Just 123 days until August 3rd – as fast as this year is going, we’ll be under 100 days soon. Time to get serious. Already, I’m finding the volume of training (13 to 16 hours per week) a bit overwhelming — since I also work, train and write for a living, I find myself going hard most waking hours every week.
This has lead to an unhealthy co-dependence…or dependence… on coffee and while I love the stuff and do believe it has health benefits – you can have too much of a good thing. So, I’m bringing Yerba Mate back.
I go back and forth with this South American tea. I love the energy it provides – clean and no jitters – but it doesn’t have the heft of coffee. There’s something so satisfying about a deep, rich cup of coffee in the morning. That lack of heft and acidity, though, may also give my digestive system a bit of a break.
To prepare yerba mate, brew it just like any other tea – and embellish it with honey or stevia, or have it plain, as I often do. You can also add a splash of almond milk, coconut sugar and a sprinkle of cocoa. Mate lattes are available, but I haven’t the capability of making such in my humble home.
Yerba Mate is a known source of antioxidants, which reduce inflammation and diminish the effects of aging. It can also curb your appetite and is not as hard on your system as coffee. Adrenal fatigue, characterized by out-of-whack cortisol production, groggy mornings and wide-eyed nights, is less likely to happen with yerba mate. If you have been diagnosed with adrenal fatigue, though – mate might be out as it does still have caffeine notes Brendan Brazier, triathlete and vegan nutritionist extraordinaire.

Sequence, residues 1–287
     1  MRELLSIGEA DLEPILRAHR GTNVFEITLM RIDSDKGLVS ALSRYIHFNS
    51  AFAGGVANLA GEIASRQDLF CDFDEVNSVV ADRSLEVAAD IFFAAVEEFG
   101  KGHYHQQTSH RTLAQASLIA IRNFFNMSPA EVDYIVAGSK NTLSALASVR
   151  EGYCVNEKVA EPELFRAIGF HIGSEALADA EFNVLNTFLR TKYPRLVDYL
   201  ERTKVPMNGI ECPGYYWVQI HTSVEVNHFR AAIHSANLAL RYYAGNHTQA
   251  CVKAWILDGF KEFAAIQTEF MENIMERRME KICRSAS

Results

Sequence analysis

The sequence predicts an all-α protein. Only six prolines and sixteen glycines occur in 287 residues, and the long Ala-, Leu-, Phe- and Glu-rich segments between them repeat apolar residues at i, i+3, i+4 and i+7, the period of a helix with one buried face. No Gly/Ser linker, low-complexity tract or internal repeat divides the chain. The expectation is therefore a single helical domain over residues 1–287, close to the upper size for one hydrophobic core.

Yerba mate contains vitamins A, C, E, B1(thiamin), B2 (riboflavin), B3 (niacin) and B5 (Pantothenic acid), as well as calcium, manganese, iron, selenium, potassium, magnesium, phosphorous and zinc. It’s also rich in chlorophyll, flavonols, polyphenols, tannins and some amino acids. It has caffeine as well as the stimulants theophylline and theobromine, which are less potent than caffeine. It provides you with a nice, steady stream of energy for a workout, but doesn’t leave you wide-eyed at bed time. The Journal of Food Science notes that yerba mate can help lower your cholesterol levels, protect your liver and benefit the cardiovascular system. It may also play a role in weight management, by suppressing the genes responsible for obesity.
Yerba mate is generally considered safe. The few epidemiological studies about mate playing a role in the development of esophageal and mouth cancer aren’t substantiated by a scientific peer-reviewed study. Many of the epidemiological studies that tie mate to cancer examined people who also used tobacco, had poor hygiene habits and nutritional deficiencies. Basically, unless you’re drinking liters upon liters of the stuff daily, through a hot straw in a hut in South America, you’re probably just fine.
Buy loose leaves or bags, like tea. You can brew it in a coffee maker (drip style). I’ve never seen k-cups, but then again, I’ve never looked for them. You can even get flavored varieties – I’m partial to mint and chai versions. I’ll be exploring some homemade mate chai too…soon…in all my free time.